Alyssa and I attended your workshop a few weeks ago! Thank you again for the invitation. We really enjoyed it. You are full of such great advice and give amazing direction. If you could give one piece of advice to new actors what would it be?  

I don’t have one piece of advice for actors but instead I have four crucial pieces of advice.
  • First, make sure you have a great headshot that makes people want to get to know you, that makes people interested in you, and that represents you very accurately while bringing out your unique presence. Your headshot often makes the difference between getting the audition or not, and in many cases, actors are booked based on a headshot and reel without an audition, so if the headshot isn’t compelling, clients will not bother to watch your reel or be interested in auditioning you.
  • Secondly, be proactive, submit through the established breakdown sites on a daily basis, listing your representative if you have one, and keeping them in the loop and/or asking them to submit for you.
  • Third, keep up with your training and make sure you’re training with the right people, because when you do get that big audition or opportunity, you want to be sure you’re confident, prepared and can compete with trained professionals who are also vying for the role.
  • Finally, work as much as you can. Work begets work. Take small things, including unpaid gigs from time to time, especially film or video bookings that might be used for your reel, and even background bookings now and then, especially if you’re new to the business. Wonderful new opportunities, connections and growth come from actively putting yourself in the midst of the creative process. I can’t tell you how many great things have come about in the most unexpected ways because someone was in the right place at the right time, i.e. on set and open and receptive to the magic of the moment.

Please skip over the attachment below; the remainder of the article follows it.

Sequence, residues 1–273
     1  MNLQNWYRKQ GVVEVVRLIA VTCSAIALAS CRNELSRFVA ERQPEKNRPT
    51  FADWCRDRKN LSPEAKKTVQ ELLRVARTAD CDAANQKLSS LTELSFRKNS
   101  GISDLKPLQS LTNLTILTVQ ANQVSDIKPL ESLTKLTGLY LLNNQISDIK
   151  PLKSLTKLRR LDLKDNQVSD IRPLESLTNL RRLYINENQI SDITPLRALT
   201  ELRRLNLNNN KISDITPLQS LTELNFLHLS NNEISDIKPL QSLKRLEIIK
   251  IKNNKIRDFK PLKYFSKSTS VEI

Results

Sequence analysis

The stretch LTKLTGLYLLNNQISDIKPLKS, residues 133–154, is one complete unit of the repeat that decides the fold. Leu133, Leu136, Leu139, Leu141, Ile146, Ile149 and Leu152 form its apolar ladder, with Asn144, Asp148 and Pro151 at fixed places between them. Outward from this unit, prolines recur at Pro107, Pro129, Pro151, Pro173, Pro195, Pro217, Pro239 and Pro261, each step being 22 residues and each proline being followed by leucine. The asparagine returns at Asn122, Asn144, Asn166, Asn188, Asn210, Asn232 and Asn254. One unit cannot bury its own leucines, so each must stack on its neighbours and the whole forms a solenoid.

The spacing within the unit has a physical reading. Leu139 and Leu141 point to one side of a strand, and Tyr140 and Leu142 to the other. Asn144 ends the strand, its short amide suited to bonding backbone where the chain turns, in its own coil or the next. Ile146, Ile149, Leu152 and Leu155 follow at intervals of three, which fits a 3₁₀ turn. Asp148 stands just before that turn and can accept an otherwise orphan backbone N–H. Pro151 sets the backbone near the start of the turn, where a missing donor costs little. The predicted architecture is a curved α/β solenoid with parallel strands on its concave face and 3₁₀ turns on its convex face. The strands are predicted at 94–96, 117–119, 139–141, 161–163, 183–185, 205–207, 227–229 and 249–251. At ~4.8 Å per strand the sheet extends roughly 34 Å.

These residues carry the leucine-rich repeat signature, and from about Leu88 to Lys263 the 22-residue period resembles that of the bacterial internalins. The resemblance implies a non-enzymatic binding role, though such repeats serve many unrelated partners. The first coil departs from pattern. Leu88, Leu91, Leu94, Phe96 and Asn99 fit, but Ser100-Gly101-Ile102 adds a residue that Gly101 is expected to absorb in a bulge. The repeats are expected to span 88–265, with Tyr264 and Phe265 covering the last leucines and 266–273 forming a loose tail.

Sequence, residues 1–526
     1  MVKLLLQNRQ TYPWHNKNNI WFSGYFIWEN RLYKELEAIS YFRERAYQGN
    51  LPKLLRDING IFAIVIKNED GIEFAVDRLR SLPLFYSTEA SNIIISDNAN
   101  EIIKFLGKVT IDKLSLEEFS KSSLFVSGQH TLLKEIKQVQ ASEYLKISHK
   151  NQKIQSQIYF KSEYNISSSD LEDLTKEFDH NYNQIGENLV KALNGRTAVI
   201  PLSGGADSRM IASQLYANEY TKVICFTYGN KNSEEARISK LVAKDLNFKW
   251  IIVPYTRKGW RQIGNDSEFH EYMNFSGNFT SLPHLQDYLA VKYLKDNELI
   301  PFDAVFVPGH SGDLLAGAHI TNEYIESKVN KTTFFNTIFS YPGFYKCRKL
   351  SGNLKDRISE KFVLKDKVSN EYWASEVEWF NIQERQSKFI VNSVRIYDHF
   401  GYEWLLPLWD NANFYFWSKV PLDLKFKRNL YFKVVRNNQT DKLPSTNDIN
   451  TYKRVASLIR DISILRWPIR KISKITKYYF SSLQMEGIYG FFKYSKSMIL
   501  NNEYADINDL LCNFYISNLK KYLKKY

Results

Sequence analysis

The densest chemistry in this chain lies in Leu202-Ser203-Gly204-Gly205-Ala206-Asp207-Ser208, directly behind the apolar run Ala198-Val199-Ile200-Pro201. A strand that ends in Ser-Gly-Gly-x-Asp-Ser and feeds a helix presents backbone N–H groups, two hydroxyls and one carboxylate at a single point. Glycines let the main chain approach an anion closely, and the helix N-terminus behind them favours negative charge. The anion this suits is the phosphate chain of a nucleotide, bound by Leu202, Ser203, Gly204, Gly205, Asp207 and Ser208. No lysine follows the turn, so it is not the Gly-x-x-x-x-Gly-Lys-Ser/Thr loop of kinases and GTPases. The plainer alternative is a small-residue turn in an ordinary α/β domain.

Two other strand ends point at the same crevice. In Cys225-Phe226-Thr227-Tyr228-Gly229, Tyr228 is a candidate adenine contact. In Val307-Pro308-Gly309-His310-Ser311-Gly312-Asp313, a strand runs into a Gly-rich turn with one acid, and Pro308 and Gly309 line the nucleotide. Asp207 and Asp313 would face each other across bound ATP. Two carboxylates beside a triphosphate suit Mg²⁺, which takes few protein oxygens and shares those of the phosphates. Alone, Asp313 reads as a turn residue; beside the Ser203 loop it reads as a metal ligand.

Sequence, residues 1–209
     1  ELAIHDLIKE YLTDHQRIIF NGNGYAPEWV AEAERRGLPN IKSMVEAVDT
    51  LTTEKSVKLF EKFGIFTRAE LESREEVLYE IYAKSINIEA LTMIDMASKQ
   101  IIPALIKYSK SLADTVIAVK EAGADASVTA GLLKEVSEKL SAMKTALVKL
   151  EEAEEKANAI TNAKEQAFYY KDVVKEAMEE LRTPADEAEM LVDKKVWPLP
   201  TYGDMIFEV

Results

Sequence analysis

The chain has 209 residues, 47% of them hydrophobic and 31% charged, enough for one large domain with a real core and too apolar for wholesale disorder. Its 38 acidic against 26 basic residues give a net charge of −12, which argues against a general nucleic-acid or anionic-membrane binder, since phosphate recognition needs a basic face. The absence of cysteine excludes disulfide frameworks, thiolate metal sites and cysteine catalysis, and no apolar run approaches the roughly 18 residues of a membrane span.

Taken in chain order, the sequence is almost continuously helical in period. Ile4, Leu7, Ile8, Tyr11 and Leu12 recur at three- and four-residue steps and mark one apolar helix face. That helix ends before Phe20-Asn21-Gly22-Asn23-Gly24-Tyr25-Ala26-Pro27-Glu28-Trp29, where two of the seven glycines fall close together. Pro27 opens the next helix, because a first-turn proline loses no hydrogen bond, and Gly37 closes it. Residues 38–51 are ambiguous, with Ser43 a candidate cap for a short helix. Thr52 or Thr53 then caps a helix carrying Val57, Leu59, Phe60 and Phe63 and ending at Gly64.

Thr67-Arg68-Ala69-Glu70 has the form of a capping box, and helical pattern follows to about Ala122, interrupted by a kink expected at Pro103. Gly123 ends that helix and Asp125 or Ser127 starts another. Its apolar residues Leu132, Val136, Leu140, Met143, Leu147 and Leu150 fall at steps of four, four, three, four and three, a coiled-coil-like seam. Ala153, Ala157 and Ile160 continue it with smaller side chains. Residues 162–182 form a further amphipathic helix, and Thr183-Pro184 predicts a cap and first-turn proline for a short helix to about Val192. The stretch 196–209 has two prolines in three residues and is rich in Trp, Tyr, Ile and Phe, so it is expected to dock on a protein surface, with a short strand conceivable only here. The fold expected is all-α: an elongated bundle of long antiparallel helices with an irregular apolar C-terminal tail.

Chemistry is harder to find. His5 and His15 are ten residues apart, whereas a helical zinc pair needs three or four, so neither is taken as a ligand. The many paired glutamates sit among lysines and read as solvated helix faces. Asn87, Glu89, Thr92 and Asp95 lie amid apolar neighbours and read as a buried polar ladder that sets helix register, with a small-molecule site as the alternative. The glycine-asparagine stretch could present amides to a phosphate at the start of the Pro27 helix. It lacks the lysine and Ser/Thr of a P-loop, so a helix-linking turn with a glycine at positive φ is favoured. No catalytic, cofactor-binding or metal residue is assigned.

What do you find most rewarding about your career?

I feel rewarded by so many things and can’t narrow it down to just one. As I touched on earlier when talking about my favorite film project, that experience of fully realizing your vision for a film and then seeing the audience thoroughly embrace it is certainly on the top of the list. I also love working in television and the adrenaline rush of being given an impossible challenge on an impossible timeline and how great it feels to deliver against all odds, exceed your clients’ expectations and then see your work air just a day or two later. And finally, I love teaching and am incredibly committed to the process and to achieving great results for the actors with whom I work. I can’t tell you how rewarding it is to hear from my students about their new success. In just the past couple of weeks, I heard from one recent student who just booked her first national network commercial as a principal, from another who booked a supporting role on “Law & Order”, from another who just got into the Actors Studio and said he applied everything he learned in class to that audition, and another who is now being courted by two agents since finishing our workshop.

Helping actors hone the skills they need and to compete and succeed and sharing insight to give them a strong sense of direction with their career and then seeing that all translate into tangible new success gives me immeasurable joy.

For more information on how to build your experience with Casty Director Amy Gossels, contact Eliza at: